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[131] brother, whom he had always loved and reverenced, almost as he did his father. This company was composed almost exclusively of those then connected with the college, or who were recent graduates of the college. It consisted of seventy-two in the aggregate, more than half of whom were professors of religion, and about one-fourth of whom were candidates for the ministry. It embraced an amount of intellectual and moral worth rarely equalled in any military company. On the morning of the 8th of June, 1861, they were formed in front of the Court House in Lexington. The Court House square, the main street, the windows of the houses, were crowded with the citizens of the town and of the surrounding country. They were well drilled, handsomely equipped, and made a very imposing appearance. A beautiful Confederate flag, wrought by the hands of the ladies of Falling Spring congregation, was presented in very appropriate terms by the Rev. John Miller, and received in a few pertinent words by Captain White. A brief address was then made to them, and prayer offered for them and their invaded State, by the father of the captain; after which the command was given, and with solemn step they marched away amidst the sighs and tears of the whole community. A large number in carriages, on horseback, and on foot, followed in their rear to the river, a mile below the town; then returning entered the Presbyterian Church, where prayer and praise were offered to the God of grace, who is also the God of battles.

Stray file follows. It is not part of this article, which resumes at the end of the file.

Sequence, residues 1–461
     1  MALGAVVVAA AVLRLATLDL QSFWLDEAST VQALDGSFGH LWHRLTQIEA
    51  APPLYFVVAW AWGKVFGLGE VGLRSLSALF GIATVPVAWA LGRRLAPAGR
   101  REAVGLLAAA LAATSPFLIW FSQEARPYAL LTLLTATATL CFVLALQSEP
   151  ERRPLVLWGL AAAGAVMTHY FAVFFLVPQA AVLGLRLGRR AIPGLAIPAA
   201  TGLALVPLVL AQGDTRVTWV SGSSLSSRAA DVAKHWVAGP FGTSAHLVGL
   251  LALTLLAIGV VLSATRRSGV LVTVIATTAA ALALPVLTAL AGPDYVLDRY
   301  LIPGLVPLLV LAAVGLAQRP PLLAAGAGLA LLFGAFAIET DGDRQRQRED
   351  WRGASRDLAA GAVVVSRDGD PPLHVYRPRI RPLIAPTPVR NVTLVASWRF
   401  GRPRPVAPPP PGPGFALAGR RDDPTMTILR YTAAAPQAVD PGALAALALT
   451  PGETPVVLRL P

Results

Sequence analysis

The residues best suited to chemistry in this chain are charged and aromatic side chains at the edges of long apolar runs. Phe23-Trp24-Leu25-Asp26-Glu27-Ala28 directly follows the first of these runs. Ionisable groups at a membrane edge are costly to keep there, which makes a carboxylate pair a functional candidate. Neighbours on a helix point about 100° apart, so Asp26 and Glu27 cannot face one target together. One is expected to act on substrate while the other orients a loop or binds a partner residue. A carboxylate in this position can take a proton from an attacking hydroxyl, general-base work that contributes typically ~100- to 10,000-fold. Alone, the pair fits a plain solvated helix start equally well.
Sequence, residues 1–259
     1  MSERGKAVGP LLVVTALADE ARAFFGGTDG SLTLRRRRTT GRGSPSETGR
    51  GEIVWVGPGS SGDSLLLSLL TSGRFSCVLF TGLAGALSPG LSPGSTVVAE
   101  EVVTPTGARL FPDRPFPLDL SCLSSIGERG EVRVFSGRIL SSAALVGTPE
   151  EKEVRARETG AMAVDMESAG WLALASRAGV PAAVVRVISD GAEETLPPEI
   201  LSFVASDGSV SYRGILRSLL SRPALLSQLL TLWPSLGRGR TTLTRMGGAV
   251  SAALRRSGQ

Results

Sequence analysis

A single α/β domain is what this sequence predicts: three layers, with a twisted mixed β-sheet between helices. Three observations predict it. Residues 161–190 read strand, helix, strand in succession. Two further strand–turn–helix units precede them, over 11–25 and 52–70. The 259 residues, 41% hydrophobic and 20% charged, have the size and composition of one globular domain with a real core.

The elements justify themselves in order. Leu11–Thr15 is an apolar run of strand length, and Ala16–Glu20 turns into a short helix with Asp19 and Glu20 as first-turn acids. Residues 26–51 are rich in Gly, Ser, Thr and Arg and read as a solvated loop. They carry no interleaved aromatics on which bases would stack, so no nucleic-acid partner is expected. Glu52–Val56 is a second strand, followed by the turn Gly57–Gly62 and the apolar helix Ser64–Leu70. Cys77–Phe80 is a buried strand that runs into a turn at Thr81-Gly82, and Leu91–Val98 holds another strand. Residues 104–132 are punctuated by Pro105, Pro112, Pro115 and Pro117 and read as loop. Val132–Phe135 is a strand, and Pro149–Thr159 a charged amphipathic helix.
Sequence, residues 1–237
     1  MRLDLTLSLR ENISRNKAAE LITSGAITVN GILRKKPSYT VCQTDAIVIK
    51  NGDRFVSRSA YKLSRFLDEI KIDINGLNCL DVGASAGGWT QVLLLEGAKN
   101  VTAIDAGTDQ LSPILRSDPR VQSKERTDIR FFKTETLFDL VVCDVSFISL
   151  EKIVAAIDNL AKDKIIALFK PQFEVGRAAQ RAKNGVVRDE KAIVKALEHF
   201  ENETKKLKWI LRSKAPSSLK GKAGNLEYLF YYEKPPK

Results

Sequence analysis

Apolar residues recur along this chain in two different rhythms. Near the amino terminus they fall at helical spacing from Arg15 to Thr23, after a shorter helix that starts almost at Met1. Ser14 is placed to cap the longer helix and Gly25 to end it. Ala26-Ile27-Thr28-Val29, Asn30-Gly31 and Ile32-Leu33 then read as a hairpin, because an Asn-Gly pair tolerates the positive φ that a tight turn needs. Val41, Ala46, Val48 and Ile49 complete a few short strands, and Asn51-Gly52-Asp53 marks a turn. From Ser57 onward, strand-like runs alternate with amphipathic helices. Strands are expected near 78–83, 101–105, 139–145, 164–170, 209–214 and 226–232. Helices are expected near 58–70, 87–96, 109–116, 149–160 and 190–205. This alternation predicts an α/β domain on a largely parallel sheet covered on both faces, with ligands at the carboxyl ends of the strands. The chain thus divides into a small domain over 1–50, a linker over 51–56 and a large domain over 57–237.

In the first battle of Manassas, such was the gallantry displayed by this company, that they won from General Jackson the designation of “more than brave young men.” Twelve of them have fallen in battle. Seven have died of disease contracted in camp. Fourteen have been wounded in action. They have been in thirteen pitched battles, and many combats. in a period of eighteen months; and on no occasion have they failed to evince a high order of courage. From the casualties of battle and disease they are now commanded by their fourth captain.

As they awaited orders at Staunton, Hugh wrote to his father:

“Some hearts, it may be, are now swelling with the desire for military distinction, and some heads becoming dizzy with anticipations of earthly glory. But I confess I am either too cowardly or too stupid to belong to either class. They may win the laurels, provided only that our cause triumphs.”

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